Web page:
We spend a lot of time distinguishing between work and life, but that is not to say that you cannot cultivate relationships within the workplace.
Set Your Work Hours and Stick to Them
It can be easy for tasks to grow slowly and for hours you spend at work to creep up. If this is something that happens to you, you will need to set your work hours, and, more importantly, stick to them.
Home For Dinner
Facebook COO Sheryl Sandberg leaves work every day at 5:30 PM to go home and eat dinner with her family.
Now, we don’t have insider information on what Sandberg’s day-to-day life looks like, but we will hazard a guess that there are things that have been left undone when she leaves the office.
Nevertheless, family dinners are important to Sandberg. So she leaves at 5:30 PM regardless of whether she has crossed off everything on her to-do list.
Video: Sheryl Sandberg shares her thinking behind her work-life balance approach.
To ease into this change, you might consider making incremental changes. The first couple of days, stop at, say 7:30 PM. Then, move that time back to 7:00 PM. Continue until you are working the schedule that allows you to meet the demands of work and life.
Know When to Stay Connected and When to Unplug
Technology is a double-edged sword.
On the one hand, technology has offered us cool things like allowing a working mother to check in on her children at daycare. On the other hand, having our email on our phones means that we can be responding to messages late into the night when we should be relaxing and resting.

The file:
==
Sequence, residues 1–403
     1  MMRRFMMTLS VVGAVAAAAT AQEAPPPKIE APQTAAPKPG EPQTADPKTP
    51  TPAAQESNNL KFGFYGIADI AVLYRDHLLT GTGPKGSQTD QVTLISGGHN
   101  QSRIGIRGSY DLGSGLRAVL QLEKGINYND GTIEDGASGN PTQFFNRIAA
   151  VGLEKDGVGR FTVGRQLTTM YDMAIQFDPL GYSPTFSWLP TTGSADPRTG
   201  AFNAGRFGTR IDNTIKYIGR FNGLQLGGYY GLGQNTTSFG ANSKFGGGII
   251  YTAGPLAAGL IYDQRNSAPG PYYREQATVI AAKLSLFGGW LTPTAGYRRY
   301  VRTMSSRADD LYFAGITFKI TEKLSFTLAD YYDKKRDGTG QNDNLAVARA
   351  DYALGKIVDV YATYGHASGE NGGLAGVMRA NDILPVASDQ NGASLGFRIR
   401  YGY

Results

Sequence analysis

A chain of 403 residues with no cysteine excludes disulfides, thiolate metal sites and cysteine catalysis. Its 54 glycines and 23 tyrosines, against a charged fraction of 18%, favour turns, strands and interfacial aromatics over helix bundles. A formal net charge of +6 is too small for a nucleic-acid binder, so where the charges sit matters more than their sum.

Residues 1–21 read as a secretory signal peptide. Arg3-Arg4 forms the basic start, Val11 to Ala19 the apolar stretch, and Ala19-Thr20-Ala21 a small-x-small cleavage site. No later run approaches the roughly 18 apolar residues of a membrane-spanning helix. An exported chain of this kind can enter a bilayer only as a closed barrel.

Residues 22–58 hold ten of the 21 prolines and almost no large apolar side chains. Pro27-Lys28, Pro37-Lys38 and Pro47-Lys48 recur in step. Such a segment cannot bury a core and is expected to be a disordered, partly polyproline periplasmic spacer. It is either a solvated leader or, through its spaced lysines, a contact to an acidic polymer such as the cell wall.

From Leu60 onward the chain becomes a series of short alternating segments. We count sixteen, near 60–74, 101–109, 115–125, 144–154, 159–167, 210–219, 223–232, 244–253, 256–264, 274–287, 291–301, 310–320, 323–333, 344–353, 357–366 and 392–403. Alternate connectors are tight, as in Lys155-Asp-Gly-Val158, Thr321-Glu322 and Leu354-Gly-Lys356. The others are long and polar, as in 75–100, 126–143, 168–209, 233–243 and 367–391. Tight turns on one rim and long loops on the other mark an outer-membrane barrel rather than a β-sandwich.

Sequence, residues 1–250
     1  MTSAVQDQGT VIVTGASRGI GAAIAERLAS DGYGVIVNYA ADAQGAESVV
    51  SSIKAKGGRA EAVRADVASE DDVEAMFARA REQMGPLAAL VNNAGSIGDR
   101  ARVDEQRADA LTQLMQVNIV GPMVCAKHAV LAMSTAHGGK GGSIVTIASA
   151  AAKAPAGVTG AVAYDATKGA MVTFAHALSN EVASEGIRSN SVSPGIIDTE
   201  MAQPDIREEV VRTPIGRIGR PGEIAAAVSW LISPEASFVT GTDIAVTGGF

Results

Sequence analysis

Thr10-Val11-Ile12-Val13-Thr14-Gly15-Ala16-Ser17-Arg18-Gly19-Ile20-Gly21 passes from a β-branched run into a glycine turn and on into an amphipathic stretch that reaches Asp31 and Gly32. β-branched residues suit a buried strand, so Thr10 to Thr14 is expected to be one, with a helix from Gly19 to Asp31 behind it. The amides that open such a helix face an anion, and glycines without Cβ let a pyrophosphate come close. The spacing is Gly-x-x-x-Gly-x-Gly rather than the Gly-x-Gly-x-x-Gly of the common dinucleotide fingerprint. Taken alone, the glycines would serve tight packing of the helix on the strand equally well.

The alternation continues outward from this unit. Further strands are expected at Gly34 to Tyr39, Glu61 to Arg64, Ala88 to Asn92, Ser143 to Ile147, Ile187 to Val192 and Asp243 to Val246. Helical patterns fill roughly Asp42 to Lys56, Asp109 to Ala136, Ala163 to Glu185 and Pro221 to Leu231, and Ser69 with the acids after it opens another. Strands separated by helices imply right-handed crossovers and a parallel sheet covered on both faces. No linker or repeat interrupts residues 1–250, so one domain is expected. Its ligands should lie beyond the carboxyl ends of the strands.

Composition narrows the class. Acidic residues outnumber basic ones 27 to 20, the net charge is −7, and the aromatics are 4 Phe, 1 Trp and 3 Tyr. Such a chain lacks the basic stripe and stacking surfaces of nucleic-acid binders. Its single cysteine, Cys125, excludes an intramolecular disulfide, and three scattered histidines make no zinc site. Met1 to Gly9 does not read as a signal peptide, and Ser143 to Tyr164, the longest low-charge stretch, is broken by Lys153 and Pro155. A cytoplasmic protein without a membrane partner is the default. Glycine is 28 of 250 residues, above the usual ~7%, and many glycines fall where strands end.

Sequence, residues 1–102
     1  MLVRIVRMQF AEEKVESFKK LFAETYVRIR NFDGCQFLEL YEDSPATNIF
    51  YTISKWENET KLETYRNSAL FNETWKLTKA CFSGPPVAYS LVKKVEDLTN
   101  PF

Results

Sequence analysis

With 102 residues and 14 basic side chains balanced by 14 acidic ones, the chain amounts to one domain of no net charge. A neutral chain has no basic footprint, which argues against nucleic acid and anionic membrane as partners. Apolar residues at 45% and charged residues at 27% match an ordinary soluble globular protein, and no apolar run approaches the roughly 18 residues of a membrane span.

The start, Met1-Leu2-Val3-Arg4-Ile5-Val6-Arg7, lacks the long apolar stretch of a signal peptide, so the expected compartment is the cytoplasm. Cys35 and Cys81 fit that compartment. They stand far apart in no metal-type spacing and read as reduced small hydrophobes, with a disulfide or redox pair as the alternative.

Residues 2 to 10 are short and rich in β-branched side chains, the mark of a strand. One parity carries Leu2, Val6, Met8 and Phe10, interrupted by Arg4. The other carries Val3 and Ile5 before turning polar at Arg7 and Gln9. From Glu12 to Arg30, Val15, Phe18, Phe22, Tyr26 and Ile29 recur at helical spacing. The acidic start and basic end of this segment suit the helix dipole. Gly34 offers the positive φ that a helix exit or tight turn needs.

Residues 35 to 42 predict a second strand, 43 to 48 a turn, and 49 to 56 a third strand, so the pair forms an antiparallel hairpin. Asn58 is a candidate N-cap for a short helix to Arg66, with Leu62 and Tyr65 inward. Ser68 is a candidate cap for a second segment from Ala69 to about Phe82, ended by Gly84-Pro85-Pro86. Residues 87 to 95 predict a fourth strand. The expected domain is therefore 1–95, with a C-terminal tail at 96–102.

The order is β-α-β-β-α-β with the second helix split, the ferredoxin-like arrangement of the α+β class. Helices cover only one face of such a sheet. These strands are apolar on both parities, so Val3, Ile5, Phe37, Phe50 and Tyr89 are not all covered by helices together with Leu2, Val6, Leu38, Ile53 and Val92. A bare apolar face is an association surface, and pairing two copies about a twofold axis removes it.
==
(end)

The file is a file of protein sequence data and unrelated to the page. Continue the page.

Take Control of Your Technology
To keep things in balance, decide ahead of time when you will be connected and when you will unplug.
For example, you might choose to be “unavailable” once you walk out of the office at 5:30 PM, but after the kids go to bed, you will be responding to emails again around 8:30 PM or 9:00 PM on the weekdays.
Take Care of Yourself
You know how the flight attendants emphasize that, in case of emergency, you should put on your oxygen mask before you help anyone else?
That is the idea here. If you do not take care of yourself, you cannot perform as well as you otherwise would.
Eat a Healthy Diet